Tag: Sony

By on January 7, 2020

Sony

When it comes to forward-thinking concept vehicles, “vision” ranks among the most popular words used by automakers to convey their futuristic aspirations to the general public. Among real-world production models, the letter “S” best signifies a vehicle either at the top or bottom of its game. There’s no in-between when it comes to S; it’s either Sport, or base.

So it’s forgivable if the reader finds the name bestowed on a prototype vehicle launched Monday night at the Consumer Electronics Show to be both generic and instantly forgettable. But the Vision-S is real, and it was built by a company best known for putting music in the hands of the teeming masses, not cars. (Read More…)

By on February 18, 2014

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You have to hand it to Lego: years after the patents on their plastic interlocking bricks expired, the company has become expert in parting kids of all ages from their cash. The Lego Movie, a concept that would have boggled the mind of any child of the ’80s, is a certified blockbuster. The Lego Harry Potter and Lego Star Wars video games – that’s a game of a toy of a movie, if you’re counting – are best-sellers across multiple platforms.

Now there’s this, an assemblage of beige-overalled 1980s misfits rendered in blocky, multi-part format, ready to do battle with spectres while making off-the-cuff quips. Talk about shut up and take my money: the Lego Ghostbusters set is relatively affordable, at just under fifty bucks, and is everything you were hoping for. By June, thousands of them should be parked proudly on the desks of all kinds of dudes who are far too old for this sort of thing. I’ve already cleared a space on mine.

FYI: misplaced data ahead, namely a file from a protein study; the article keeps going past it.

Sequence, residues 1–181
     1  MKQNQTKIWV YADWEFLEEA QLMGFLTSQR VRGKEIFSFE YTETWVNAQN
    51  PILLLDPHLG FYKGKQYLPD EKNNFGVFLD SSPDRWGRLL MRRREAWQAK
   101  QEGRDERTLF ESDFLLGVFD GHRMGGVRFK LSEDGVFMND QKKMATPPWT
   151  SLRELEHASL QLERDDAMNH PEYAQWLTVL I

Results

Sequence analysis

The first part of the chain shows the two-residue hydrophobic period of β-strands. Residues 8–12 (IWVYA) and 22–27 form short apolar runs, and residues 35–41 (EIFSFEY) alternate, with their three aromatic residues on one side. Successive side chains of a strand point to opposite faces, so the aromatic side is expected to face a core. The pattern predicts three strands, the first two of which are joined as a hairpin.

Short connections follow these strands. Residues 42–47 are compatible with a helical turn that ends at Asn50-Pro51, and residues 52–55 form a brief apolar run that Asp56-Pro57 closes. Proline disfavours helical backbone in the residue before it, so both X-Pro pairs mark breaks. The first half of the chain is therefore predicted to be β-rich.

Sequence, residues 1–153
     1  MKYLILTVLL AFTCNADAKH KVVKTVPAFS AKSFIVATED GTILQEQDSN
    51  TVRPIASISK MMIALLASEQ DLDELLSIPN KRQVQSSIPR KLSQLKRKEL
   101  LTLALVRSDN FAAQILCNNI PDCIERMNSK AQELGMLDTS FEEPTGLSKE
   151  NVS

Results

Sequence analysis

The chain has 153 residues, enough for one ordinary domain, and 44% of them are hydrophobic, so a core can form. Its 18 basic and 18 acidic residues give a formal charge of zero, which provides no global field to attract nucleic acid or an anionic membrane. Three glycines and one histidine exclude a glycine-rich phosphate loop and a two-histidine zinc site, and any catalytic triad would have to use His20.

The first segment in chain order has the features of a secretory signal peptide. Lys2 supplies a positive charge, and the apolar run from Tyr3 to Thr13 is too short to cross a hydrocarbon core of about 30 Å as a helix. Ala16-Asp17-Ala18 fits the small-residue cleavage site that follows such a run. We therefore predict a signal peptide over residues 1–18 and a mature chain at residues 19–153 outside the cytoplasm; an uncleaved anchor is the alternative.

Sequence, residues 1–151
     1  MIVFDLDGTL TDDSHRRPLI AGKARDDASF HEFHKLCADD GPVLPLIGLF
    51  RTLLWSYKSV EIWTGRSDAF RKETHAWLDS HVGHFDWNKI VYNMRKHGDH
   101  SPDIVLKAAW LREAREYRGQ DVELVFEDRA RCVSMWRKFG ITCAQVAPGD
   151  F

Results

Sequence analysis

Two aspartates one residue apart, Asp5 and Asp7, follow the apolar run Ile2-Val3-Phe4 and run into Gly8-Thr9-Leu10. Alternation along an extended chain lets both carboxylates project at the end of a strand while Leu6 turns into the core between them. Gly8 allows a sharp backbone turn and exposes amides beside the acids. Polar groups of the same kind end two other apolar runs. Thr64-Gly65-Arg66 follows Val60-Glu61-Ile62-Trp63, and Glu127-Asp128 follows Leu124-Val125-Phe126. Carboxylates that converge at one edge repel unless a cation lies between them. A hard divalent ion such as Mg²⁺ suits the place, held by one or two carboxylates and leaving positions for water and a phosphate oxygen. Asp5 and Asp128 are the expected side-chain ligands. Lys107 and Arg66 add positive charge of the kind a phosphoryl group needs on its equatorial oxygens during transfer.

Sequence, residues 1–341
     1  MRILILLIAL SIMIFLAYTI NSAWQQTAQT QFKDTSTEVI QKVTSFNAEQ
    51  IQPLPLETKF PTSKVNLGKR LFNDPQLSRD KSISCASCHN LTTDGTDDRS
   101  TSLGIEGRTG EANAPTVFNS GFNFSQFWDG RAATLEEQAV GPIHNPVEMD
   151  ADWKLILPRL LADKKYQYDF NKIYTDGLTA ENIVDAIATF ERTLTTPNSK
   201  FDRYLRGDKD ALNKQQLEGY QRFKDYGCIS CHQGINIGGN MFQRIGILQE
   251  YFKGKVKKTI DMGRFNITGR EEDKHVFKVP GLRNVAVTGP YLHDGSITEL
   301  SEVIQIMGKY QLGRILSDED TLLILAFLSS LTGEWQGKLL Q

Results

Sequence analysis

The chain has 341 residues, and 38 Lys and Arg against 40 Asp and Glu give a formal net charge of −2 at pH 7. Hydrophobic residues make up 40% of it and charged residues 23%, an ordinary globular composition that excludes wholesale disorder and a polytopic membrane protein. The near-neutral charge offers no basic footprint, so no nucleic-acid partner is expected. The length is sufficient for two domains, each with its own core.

The centrepiece of the set, aside from minifig versions of Venkman, Stantz, Zeddemore, and Spengler, is the gloriously recreated Ectomobile – Ecto 1. Thirty years ago this year, the white and red original burst on-screen, sirens blaring.

As a fit for the role, the Cadillac might have been an even better casting choice than Bill Murray as Venkman. When there’s something strange in your neighbourhood, you know who you’re gonna call. (Read More…)

By on May 16, 2009

Before landing a part-time gig as an automotive test monkey, I cut my teeth driving virtual cars on Gran Turismo 4 (GT4). Developer Polyphony Digital’s attention to detail was startling. You could/can feel subtle differences between ostensibly similar cars, such as an ’89 and a ’93 Mazda Miata (hint: chassis rigidity on the older car sucks). Sure, GT4’s artificial intelligence was a joke. And the lack of damage was mildly disappointing. But it was a great game, except for the understeer . . . the terminal bloody understeer.

(Read More…)

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